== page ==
When Louie Dampier sat down 10 years ago with the Kentucky Colonels of the fledging American Basketball Association to negotiate a contract, he quickly found out what his value to the club would be.

"Because you played at the University of Kentucky, you'll bring some fans in," the Colonels told him. "But we really don't expect you to be able to play in this league more than a year."

The ABA lasted nine years. Dampier, despite height and quickness limitations, is still a pro player, now wearing the uniform of the San Antonio Spurs. He's also a member of a nearly extinct species - the original ABA player remaining in the National Association.

"No, I don't feel like a relic," said Dampier with a laugh. "I'm just glad to be still around. This game always has been fun to play and I still love it."

Dampier isn't just hanging on, either, counting those two-a-month checks. Because of injuries to the SPurs' backout, he has been starting the last couple of weeks and doing pretty well for a 33-year-old man caught in the middle of San Antonio's racehorse style.

When the Bullets set up their defense for the Spurs tonight at 8 at Capital Centre, they won't worry about Dampier busting by for layups. But they will try not to let him have any open jumps shots. ABA teams found out 10 years ago that giving the 6-foot Dampier a free shot is like leaving keys in a car for a thief.

Of all the talented players who wore ABA uniforms, Dampier, one of the least known nationally, is the man who holds all the ABA career marks. He finished No. 1 in career scoring, three-pointers, field goals attempted, assists, and games and minutes played. He averaged almost 19 points a game in nine years and was a perenial all-star, even when the league grew in stature and added better personnel.

Dampier, once scored 55 points against Dallas and he spent two seasons specializing in three-points tries, tossing up in 552 attempts from beyond the 30-foot circle one year and 548 the next. He was, Adolph Rupp claims, the finest shooter to ever play for the University of Kentucky.

"Make that the finest shooter I've ever seen." says Rupp.

"That's not a bad accolade for someone who didn't even want to play college basketball until his senior year at an Indiana high school and who dreamed of being a pro-basketball star. Although he was an All-America at Kentucky, he was considered such a poor pro prospect that the NBA's Cincinnati franchise offered him a tryout, but no contract, when he graduated from college.

"It wasn't a hard decision for me to go with the ABA," said Dampier who now lives in a place called Pee Wee Valley, Ky. "Kentucky drafted me first and offered me money. That alone was pretty persuasive."

And so he began a unique career in a league no one expected to last beyond one season. Back then, he was the ABA's version og Ernie (No Defense) DiGregorio - if Ernie D could shot like Jerry West.

"It was shaky then, but fun," said Dampier. "We all had critics, especially myself. They said I was too small and I wasn't noted for playing much defense.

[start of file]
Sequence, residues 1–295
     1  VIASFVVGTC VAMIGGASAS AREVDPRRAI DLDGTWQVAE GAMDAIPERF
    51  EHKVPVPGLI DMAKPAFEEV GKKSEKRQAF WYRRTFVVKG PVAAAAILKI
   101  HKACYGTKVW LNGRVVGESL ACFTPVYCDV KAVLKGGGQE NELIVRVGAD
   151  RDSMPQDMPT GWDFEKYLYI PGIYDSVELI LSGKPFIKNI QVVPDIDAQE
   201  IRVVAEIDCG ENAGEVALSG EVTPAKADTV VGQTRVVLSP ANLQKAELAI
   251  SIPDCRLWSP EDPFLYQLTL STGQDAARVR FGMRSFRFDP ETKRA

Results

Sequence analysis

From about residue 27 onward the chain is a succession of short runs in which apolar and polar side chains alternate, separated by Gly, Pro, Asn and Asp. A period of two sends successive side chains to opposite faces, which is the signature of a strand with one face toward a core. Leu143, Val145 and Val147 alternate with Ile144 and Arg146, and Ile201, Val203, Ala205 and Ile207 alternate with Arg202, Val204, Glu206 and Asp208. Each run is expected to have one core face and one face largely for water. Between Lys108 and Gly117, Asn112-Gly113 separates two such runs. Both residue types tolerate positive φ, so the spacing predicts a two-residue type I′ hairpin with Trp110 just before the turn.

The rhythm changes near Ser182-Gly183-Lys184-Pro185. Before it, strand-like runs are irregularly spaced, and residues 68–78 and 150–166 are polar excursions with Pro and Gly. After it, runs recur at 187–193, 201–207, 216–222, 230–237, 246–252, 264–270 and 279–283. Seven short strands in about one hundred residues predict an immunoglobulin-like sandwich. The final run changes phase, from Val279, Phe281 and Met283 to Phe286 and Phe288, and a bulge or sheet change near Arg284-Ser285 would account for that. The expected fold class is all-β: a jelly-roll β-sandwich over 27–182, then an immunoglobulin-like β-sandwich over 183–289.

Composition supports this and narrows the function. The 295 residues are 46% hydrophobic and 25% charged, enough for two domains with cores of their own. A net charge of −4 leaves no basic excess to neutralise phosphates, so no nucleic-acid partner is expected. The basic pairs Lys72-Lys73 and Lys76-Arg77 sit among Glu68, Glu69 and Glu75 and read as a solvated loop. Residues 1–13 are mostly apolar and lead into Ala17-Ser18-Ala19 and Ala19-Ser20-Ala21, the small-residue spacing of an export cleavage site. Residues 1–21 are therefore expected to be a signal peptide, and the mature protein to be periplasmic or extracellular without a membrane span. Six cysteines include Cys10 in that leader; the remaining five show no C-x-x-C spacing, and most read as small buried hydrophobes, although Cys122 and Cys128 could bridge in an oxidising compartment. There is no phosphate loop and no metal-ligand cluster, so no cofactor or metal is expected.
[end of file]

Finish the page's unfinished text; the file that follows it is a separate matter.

"They were right too. At first, I didn't play a whole lot of defense. I usually guarded the week guard and just worried about scoring. But I'm much better now. I wanted to prove I could play defense and I think I have."

In the ABA's early years, sirens would sound when he'd a three-footer and players would feel lucky if they escaped games with their bodies intact. How rouhg was it? Dampier was asked.

"In the NBA, they would say no harm, no foul," he said. "In the ABA, we'd say, no blood, no foul."

Dampier's life has changed now. The officiating is better, at least on most mights, and he has learned to adjust a fast-break style after year of playing in a set offense that concentrated on springing him for open shots.

"I've got no regrets. I never doubted I could play in the NBA and I don't have to prove it to myself. I'm even doing some things better now. I shoot for a higher percentage because I don't have to go out and score a lot of points like I did every night in the ABA."

With San Antonio, which landed him last year in the ABA dispersal draft, he has had to learn to come off the bench (he's averaging 10 points a game).

"I've been happy to find out I could play as a reserve. A lot of starters can't make that adjustment, but I have. Now I want to play one more year. Yeah, 12 years, that will be enough."

Bob Dandridge has a score left shoulder and did not practice yesterday. He is questionable for San Antonio . . .Wes Unseld's calf injury has healed and he will start tonight after missing two games . . .The SPurs are second in the league in scoring (114.8 points a game) and 20th in defense . . .Bullet coach Dick Motta says this club averaging 26 points, will run with San Antonio. Spur guard George Gervin is averaging 26 points a contest, fourth best in the league . . San Antonio has picked up Mo Layton and activated George Karl to help with its guard problems. Starter Mike Gale is out with an ankle sprain.